President Donald Trump and his Iraqi counterpart Barham Saleh agreed on Wednesday on the need for a continued US military role in the country, the White House said.
In Davos, Switzerland, the two presidents held their first meeting since the United States killed a top Iranian general in Baghdad, sparking an Iraqi parliament call for expulsion of US troops.
"The two leaders agreed on the importance of continuing the United States-Iraq economic and security partnership, including the fight against ISIS," the White House said.
"President Trump reaffirmed the United States' unwavering commitment to a sovereign, stable, and prosperous Iraq."
Tensions between Washington and Tehran boiled over onto Iraqi soil this month, with the US killing top Iranian general Qasem Soleimani in Baghdad and Iran striking back at an Iraqi base hosting American soldiers.
Furious at the US hit, Iraq's parliament voted January 5 to oust all foreign troops, including some 5,200 American soldiers deployed alongside local forces.
A source from Saleh's office told AFP he had discussed with Trump the US drone strike as well as the withdrawal of forces.
Trump told Saleh that he "does not want to stay in Iraq", the source said, and would draw down forces in an "unprecedented way", but insisted that any withdrawal must be insulting or disrespectful to Washington.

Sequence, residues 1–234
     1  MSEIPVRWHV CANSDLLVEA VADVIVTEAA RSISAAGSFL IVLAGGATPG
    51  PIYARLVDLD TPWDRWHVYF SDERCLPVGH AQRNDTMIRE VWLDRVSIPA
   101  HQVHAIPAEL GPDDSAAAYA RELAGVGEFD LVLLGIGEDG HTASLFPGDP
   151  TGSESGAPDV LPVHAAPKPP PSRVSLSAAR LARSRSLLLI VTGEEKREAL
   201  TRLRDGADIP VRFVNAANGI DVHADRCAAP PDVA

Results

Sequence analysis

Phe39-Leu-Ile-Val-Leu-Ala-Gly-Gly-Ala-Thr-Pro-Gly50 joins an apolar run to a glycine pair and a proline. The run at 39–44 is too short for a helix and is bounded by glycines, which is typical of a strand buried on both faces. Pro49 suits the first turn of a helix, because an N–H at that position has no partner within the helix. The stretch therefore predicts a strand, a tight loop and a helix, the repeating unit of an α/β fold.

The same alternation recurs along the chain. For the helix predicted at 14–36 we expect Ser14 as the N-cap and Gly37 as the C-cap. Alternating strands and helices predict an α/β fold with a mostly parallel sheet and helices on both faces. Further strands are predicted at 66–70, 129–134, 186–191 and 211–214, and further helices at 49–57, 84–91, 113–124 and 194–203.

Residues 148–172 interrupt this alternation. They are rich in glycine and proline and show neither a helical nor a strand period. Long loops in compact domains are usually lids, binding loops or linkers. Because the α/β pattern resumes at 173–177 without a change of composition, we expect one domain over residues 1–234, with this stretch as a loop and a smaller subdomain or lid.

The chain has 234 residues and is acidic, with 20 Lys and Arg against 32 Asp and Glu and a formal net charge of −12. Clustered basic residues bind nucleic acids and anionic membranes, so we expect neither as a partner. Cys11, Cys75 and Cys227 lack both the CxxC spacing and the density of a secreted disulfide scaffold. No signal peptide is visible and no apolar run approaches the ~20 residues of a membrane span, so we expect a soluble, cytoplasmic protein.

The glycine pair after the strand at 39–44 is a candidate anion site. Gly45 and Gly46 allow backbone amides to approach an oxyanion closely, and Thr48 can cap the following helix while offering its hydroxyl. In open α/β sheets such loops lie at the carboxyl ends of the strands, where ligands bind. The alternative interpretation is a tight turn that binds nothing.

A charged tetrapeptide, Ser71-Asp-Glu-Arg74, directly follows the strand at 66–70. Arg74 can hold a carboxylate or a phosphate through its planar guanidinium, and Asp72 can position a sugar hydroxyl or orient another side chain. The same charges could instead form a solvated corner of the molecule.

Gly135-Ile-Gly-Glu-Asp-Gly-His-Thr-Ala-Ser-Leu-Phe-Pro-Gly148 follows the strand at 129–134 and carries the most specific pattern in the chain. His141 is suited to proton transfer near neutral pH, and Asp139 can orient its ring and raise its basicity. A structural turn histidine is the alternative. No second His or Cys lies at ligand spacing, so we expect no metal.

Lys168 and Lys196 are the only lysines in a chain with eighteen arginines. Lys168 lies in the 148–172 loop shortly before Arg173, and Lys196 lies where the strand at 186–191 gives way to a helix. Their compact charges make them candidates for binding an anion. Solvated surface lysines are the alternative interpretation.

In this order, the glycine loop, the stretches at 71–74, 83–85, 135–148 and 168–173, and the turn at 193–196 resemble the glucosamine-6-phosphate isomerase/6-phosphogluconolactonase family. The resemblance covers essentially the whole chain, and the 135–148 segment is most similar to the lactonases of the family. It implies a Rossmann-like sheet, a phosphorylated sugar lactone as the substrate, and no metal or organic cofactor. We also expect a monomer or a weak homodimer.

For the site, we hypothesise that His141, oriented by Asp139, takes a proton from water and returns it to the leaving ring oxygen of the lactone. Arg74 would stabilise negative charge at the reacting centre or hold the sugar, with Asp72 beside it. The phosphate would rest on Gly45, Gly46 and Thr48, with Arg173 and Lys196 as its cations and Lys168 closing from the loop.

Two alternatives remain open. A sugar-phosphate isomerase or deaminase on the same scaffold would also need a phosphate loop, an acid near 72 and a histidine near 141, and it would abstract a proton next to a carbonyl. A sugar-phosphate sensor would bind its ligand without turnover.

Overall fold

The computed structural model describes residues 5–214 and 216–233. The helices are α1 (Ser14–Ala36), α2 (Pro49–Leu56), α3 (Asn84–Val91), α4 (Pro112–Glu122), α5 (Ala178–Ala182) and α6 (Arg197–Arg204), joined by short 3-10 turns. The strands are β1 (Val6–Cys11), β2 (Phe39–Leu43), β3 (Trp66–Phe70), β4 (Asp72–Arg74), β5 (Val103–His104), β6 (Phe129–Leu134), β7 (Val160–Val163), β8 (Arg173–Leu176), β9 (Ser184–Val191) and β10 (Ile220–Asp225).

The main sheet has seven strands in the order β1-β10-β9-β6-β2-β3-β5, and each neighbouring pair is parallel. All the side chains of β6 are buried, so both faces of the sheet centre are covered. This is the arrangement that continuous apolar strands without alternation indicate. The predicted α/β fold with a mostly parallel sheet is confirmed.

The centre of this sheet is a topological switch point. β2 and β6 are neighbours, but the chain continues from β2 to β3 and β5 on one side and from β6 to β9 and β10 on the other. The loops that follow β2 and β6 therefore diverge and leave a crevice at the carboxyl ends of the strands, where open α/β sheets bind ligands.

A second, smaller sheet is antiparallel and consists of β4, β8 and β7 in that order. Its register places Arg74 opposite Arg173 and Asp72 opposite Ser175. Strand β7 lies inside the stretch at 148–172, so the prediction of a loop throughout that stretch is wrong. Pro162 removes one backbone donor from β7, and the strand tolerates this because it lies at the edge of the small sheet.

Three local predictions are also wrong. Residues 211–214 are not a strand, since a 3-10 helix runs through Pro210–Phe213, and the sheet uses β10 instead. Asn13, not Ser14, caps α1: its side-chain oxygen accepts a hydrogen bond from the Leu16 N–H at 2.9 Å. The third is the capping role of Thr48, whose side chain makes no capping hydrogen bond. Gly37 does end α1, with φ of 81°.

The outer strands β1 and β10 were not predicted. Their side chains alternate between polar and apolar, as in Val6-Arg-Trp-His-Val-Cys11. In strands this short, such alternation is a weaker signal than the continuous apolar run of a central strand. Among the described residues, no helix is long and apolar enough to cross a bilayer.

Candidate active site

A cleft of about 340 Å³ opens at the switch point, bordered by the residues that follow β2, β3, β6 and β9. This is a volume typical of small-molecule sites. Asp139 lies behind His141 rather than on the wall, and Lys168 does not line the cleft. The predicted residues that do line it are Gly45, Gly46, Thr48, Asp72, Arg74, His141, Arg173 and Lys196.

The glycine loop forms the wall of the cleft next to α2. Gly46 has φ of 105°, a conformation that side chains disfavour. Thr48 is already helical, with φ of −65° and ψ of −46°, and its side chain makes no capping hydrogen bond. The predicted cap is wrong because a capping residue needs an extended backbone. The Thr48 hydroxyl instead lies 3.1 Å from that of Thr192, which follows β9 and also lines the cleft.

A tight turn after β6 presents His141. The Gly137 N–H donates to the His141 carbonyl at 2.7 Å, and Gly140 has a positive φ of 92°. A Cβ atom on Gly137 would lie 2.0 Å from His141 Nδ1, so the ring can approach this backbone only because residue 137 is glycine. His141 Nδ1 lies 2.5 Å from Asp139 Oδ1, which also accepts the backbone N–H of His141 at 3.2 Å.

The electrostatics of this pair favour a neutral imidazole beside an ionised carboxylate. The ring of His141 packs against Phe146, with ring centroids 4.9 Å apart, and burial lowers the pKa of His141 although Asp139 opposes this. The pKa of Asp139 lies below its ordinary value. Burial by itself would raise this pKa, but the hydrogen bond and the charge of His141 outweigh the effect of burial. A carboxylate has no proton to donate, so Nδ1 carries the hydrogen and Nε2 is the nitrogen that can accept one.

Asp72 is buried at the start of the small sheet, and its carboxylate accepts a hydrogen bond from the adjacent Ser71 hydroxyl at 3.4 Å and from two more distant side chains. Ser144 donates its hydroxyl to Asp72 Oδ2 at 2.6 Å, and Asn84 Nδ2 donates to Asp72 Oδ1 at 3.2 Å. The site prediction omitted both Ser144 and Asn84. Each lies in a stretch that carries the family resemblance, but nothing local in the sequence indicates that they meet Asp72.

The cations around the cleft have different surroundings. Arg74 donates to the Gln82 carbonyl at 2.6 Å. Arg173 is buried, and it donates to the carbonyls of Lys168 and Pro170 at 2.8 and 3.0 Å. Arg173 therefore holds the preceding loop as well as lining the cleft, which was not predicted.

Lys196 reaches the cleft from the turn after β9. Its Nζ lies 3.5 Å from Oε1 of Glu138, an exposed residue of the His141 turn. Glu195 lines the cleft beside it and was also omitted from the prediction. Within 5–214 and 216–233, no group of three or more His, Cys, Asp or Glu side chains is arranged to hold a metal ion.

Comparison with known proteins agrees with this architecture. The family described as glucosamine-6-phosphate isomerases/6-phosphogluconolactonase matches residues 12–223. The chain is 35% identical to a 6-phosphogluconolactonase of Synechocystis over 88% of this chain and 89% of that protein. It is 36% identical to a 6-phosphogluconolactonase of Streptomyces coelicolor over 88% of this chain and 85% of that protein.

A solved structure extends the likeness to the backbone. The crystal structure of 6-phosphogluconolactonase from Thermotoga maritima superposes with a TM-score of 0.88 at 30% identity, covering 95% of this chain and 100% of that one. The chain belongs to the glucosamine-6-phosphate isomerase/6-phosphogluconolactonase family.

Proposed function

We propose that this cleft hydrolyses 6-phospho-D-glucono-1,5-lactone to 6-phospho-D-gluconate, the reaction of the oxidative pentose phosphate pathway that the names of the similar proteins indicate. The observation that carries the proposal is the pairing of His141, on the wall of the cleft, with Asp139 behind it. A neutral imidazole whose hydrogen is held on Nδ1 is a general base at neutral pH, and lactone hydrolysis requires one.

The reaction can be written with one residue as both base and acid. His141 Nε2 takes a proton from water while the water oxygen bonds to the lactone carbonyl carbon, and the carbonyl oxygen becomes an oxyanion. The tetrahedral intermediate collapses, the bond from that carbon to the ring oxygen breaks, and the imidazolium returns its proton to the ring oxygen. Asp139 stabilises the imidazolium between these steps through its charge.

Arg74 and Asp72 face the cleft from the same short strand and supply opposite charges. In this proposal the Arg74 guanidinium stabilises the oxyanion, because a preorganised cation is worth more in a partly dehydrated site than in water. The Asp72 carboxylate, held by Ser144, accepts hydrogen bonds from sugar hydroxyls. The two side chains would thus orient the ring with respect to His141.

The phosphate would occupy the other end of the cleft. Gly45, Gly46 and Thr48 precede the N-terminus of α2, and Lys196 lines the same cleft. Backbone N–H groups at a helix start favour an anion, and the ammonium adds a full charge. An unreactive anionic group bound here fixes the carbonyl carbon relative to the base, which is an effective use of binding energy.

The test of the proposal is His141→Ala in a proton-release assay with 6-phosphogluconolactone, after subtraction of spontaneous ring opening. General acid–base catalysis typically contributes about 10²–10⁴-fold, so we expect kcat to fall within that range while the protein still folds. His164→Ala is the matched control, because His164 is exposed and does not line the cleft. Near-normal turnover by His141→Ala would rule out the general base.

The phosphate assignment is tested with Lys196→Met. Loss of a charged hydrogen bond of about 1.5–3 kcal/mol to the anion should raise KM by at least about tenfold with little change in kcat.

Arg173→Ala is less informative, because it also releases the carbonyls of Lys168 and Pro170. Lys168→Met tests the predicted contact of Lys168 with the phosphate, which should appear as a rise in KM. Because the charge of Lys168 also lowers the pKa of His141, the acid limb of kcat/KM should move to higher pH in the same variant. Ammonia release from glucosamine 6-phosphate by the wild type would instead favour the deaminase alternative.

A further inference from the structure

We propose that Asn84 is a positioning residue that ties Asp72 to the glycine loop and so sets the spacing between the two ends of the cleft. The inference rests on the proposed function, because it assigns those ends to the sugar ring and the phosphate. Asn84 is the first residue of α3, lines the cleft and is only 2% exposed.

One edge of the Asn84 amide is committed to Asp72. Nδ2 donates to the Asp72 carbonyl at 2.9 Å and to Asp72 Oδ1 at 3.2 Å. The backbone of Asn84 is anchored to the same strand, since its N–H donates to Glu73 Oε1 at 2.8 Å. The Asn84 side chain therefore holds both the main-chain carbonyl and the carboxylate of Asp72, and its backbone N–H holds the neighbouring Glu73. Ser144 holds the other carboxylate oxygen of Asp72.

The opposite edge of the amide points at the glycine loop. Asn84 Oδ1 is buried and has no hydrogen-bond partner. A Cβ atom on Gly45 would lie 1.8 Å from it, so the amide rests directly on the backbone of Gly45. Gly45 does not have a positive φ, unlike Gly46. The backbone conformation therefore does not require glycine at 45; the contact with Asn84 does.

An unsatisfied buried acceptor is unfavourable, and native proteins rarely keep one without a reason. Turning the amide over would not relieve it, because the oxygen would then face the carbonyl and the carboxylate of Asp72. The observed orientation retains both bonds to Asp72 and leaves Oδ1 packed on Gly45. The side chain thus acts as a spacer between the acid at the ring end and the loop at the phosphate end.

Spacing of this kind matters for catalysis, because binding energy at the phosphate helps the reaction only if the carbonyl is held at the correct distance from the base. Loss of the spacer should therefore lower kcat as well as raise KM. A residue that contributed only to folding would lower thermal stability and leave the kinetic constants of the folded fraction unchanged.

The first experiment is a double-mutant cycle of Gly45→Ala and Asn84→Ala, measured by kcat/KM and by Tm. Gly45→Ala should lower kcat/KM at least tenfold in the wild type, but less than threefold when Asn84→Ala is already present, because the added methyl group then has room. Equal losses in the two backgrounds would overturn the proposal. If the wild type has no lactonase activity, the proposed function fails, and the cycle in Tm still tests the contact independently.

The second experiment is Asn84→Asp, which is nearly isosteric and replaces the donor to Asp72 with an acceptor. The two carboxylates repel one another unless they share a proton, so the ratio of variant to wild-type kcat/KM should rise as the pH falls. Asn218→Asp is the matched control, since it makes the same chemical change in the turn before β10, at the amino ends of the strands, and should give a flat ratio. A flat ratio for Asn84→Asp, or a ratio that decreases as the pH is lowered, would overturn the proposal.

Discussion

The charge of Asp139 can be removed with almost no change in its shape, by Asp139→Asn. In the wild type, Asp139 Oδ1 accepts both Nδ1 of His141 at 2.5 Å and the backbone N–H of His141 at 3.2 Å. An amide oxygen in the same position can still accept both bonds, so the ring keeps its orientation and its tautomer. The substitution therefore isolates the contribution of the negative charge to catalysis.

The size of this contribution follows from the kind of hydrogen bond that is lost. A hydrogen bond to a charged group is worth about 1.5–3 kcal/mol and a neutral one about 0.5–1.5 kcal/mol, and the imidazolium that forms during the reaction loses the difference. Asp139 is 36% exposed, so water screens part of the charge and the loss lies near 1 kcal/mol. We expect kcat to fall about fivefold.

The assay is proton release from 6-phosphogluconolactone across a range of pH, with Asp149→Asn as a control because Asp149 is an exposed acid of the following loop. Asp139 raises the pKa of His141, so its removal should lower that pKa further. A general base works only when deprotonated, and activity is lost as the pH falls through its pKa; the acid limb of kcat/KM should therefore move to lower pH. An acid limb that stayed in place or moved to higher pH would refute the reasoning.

Saleh told world leaders in Davos the parliamentary vote was "not a sign of ingratitude or hostility", but a response to a violation of his country's sovereignty.
"It is not in our interest to choose to ally with one side at the expense of others, as long as both respect our sovereignty and independence."
He added that "no country should seek to dictate to Iraq" the nature of its relationships.
Saleh condemned acts of violence against the months-long protests movement rocking Baghdad and Iraq's Shiite-majority south, which has left hundreds dead since October.
He met Trump on the Davos sidelines, hosting a brief press conference but brushing off questions on parliament's vote
Trump left the annual World Economic Forum get-together in Davos later Wednesday to return to Washington.
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